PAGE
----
When NuStar bought their St. James crude terminal from Koch in 2006 it had 3.3 MMBbl of storage. NuStar initially used the terminal to store and blend imported crude for local refineries and to feed Midwest refiners via Capline. But that model changed for the company in the past two years as the US has become less dependent on imported crude. That is a trend we have covered extensively in RBN Energy blogs. As we explained in Part II and Part III of the Ho-Ho blog series an influx of new US domestic shale crude produced in North Dakota and Texas as well as increased Canadian production is changing the crude supply picture on the Gulf Coast. NuStar has embraced that change by expanding their St. James terminal to receive as much as 100 Mb/d of inbound crude supplies by rail from North Dakota. Today the company’s facility can store 9 million barrels of crude and Nustar expects to increase that to 11 million barrels by 2016.
The price of Bakken crude in North Dakota is linked to the inland US benchmark West Texas Intermediate (WTI) crude (see The Bakken Buck Starts Here – Crude Pricing Part II). Bakken crude delivered to St. James by rail is priced against the Gulf Coast benchmark LLS crude that is currently trading $20/Bbl higher than WTI. That price spread is caused by a lack of available infrastructure to deliver increased supplies of domestic and Canadian crude to Gulf Coast refineries - leading to oversupply in the Midwest and discounted WTI prices. The cost of shipping crude by rail from the Bakken to St. James is currently about $11/Bbl meaning North Dakota producers can gain up to $9/Bbl ($20 - $11 /Bbl) shipping their crude by rail to St. James. NuStar has capitalized on that price differential by building a 100 Mb/d unit train receiving terminal and new crude storage to accommodate the flow of Bakken crude into St. James.
The NuStar rail receipt terminal at St. James was developed as a joint venture between the company and EOG Resources – a producer in both North Dakota and the South Texas Eagle Ford crude plays. EOG owns a dedicated rail terminal at Stanley in North Dakota that has capacity to load unit trains with up to 90 Mb/d of Bakken crude for shipment to St. James. EOG has a smaller rail terminal at Refugio, TX in the Eagle Ford that can move 20 Mb/d of crude by rail to St. James. The NuStar St. James rail terminal can unload a unit train in 12 hours. Under the NuStar/EOG joint venture the majority of the incoming crude belongs to EOG and NuStar only controls 20 Mb/d of the capacity. During the second half of 2012 NuStar sounded out customers about constructing a second rail receipt terminal at St. James that they will own outright.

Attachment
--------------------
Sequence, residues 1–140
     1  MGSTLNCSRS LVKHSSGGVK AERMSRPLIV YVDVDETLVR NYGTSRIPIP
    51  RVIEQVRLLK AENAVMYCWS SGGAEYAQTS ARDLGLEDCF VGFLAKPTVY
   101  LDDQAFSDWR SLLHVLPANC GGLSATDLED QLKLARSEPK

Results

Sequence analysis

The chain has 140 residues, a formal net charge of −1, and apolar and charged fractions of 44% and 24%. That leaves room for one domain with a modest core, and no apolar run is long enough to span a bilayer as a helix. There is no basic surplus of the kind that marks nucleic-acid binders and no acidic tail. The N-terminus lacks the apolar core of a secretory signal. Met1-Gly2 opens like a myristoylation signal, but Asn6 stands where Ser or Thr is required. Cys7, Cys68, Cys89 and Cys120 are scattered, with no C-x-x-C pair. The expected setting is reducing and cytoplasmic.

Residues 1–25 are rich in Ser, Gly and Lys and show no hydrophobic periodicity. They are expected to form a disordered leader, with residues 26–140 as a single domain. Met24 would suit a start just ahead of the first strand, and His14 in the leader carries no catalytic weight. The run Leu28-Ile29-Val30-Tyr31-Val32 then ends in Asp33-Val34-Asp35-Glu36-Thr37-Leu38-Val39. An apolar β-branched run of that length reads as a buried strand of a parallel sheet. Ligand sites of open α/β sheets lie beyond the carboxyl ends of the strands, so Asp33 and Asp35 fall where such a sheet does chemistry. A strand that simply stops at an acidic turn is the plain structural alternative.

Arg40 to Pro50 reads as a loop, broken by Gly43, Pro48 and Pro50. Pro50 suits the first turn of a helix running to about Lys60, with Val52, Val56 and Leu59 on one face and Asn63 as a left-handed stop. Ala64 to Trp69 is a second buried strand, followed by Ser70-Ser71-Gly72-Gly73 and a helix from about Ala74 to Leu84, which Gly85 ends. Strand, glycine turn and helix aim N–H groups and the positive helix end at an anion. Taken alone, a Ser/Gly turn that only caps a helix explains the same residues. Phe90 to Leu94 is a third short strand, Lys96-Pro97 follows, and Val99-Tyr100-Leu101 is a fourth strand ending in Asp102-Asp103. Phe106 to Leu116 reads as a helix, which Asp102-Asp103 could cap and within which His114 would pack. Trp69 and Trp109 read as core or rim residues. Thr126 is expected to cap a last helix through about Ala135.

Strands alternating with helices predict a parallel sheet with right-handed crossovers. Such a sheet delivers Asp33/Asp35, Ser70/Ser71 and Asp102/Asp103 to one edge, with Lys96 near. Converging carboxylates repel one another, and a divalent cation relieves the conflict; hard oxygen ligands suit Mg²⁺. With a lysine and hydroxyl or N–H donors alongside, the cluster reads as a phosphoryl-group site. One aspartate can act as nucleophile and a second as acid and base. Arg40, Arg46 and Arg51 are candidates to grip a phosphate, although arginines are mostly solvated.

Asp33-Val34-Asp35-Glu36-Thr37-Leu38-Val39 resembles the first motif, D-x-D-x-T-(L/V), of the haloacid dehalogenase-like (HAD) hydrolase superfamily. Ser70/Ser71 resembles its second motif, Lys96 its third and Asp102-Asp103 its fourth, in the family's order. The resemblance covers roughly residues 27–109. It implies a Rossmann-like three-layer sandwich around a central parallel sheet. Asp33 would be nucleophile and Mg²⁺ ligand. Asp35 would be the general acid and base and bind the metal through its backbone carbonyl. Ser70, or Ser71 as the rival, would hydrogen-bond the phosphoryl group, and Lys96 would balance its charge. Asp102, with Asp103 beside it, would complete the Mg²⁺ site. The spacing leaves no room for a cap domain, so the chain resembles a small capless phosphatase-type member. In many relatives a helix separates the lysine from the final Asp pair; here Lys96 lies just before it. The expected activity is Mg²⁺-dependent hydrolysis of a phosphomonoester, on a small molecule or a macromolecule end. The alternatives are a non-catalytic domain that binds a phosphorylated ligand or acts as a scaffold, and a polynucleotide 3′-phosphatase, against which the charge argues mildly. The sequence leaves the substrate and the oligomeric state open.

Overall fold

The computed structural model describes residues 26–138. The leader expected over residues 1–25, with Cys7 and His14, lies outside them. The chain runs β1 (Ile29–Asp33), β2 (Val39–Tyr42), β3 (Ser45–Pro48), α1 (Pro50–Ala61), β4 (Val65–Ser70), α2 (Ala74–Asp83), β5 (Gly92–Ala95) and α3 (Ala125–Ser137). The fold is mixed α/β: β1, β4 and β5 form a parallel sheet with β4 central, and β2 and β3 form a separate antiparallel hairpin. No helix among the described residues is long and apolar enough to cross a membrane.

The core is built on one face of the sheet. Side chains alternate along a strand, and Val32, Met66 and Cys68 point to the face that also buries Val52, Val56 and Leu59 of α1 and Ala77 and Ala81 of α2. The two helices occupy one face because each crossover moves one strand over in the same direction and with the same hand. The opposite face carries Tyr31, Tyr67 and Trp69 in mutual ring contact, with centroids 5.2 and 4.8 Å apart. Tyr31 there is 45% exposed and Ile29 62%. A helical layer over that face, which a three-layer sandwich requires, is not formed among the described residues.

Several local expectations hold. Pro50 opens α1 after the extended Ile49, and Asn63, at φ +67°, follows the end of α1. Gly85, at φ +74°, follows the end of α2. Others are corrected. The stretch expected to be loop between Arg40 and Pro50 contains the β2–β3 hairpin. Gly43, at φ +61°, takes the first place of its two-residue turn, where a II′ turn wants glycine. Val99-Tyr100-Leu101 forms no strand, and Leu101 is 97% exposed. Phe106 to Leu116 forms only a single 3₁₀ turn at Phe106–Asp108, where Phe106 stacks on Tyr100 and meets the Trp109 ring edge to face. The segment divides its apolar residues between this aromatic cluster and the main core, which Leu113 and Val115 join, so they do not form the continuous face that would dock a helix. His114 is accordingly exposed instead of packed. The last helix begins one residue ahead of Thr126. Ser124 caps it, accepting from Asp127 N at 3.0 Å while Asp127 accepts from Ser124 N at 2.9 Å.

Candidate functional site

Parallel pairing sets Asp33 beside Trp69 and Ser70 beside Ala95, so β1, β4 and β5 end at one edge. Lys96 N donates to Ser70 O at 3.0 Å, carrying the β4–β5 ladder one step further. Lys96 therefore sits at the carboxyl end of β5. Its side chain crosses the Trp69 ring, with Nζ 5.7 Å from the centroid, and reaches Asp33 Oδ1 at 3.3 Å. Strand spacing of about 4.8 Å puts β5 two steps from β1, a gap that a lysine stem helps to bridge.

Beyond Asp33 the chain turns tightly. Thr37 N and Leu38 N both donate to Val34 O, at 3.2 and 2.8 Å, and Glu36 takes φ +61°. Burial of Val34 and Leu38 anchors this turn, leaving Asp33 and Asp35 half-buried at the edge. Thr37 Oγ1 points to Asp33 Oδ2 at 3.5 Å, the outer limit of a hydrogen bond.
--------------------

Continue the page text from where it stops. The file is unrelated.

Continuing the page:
In addition to pipeline links and the rail terminal, NuStar has marine facilities at St. James. These consist of two ship docks and one barge dock capable of receiving and loading crude oil. Barges can deliver crude to refineries along the Mississippi River and ships can deliver along the coastal waterways of the Gulf Coast. NuStar also has truck receipt facilities. The schema below shows the NuStar terminal layout and pipeline connections.
Source: NuStar Analyst Presentation (Click to Enlarge)
We will be watching with interest the future of Bakken crude shipments by rail to St. James in the coming year. The rail option makes a lot of sense for producers in North Dakota right now while they wait for the completion of new pipelines that can deliver their crude more directly to the Gulf Coast. Those pipelines will start to come on line this year and they will provide North Dakota producers with less expensive options to get their crude to the Gulf Coast. We expect the flow of new crude into the region to reduce the differentials between Midwest and Gulf Coast crude prices that have justified more expensive rail movements. That will surely reduce the volume of crude arriving at St. James by rail. However, the St. James terminal will still be a very well connected crude distribution hub on the Louisiana Gulf Coast. It is linked by pipeline to supplies coming from Houston (via Ho-Ho) and NuStar’s marine facility at can handle crude movements from along the Gulf Coast – including Eagle Ford shipments from their facility in Corpus Christi.
NuStar’s expansion of their St. James terminal is yet further evidence (if anybody still needs it) of the extent to which the new US domestic crude oil supply position is bringing sweeping changes through the storage and distribution infrastructure that keeps Gulf Coast refineries supplied with crude. NuStar has embodied the dynamic nature of these changes by rapidly capitalizing on crude by rail opportunities that may not last forever but have proven profitable in the short term. In the next episode in this series we will look at the crude terminal operation of NuStar’s principal competitor at St. James – Plains All American.